However, the process to appoint a new DA was rocked last week by a letter sent anonymously to county officials and the East Bay Times. The letter alleged that Judge Diana Becton, another of the five finalists for the job, plagiarized portions of her application essay. Then an enterprising KQED reporter found that another applicant, veteran prosecutor Tom Kensok, had also cut and pasted some portions of his essay. Both Becton and Kensok claimed the copied sections were an oversight. Kensok is a self-described “nerd” who has worked in the office for 30 years and is known to have a progressive approach to criminal justice. And Becton is a progressive superior court judge who has been on the bench for 22 years, though she has no experience as a prosecutor.
The other two finalists are Patrick Vanier, who is a deputy district attorney in Santa Clara County, but worked as a prosecutor in Contra Costa County until 2006; and Danielle Douglas, who has been on the bench in Contra Costa County Superior Court since 2014 and before that worked as a county prosecutor for 13 years.
Meanwhile, Graves, a law-and-order Republican, had ethical problems in 2015 when he misrepresented his authority in a threatening letter he sent to Glazer’s campaign, when Glazer was running for the District 7 state Senate seat.
In his April 9, 2015, letter, Graves misused his status as a prosecutor to demand that Glazer stop using the iconic Republican elephant logo on his campaign materials. Graves, who supported Glazer’s opponent, Susan Bonilla, wrote that “for a liberal Democrat candidate like Mr. Glazer to deceive Republican voters by superimposing iconic Republican Party images… such as the GOP elephant on Mr. Glazer’s campaign material is a new low in dishonest political campaigning.”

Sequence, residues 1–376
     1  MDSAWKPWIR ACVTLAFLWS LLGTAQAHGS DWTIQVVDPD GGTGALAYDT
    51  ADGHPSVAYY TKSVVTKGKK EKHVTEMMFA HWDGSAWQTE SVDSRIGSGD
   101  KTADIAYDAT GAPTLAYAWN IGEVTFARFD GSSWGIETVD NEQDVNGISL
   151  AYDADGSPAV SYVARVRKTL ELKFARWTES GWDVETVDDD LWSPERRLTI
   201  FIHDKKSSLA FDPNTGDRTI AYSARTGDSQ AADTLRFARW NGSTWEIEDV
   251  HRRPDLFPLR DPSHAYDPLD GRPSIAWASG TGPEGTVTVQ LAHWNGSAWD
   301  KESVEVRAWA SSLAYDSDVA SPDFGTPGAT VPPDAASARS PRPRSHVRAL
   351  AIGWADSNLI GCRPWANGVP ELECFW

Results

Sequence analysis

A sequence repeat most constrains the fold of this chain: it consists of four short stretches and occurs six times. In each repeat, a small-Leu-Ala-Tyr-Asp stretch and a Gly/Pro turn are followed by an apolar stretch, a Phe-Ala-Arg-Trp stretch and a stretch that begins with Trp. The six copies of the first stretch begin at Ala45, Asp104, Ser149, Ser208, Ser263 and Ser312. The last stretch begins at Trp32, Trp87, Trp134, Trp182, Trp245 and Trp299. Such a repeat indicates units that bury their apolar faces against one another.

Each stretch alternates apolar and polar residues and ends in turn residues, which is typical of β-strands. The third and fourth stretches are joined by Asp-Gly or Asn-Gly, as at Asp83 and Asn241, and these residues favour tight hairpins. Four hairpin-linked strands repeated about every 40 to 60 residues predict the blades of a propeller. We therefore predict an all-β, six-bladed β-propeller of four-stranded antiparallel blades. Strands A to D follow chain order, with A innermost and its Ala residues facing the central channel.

According to a 2015 story in the East Bay Times, Graves went on to demand that Glazer’s campaign immediately stop using the materials and that it destroy any other copies in its possession. He also demanded that Glazer publicly apologize and further notified the campaign that he had a right to sue.
The problem with Graves’ threats was that he had no right to sue, and his posturing as a Contra Costa County prosecutor in order to intimidate Glazer’s campaign staff was unethical and potentially illegal, according to a very pointed email Graves received from the California Republican Party Vice Chair Harmeet Dhillon, an attorney who represents the state GOP on matters of intellectual property.
Dhillon made it clear that Graves had no authority to sue and that his threatening letter to the Glazer campaign violated professional ethical standards. “Your conduct in using your status as an attorney, which includes the publicly known fact that you are a prosecutor with the Contra Costa County District Attorney’s office, to gain leverage in this matter by masquerading as a person of standing to make threats, is an abuse of those positions and of ethical standards,” Dhillon wrote.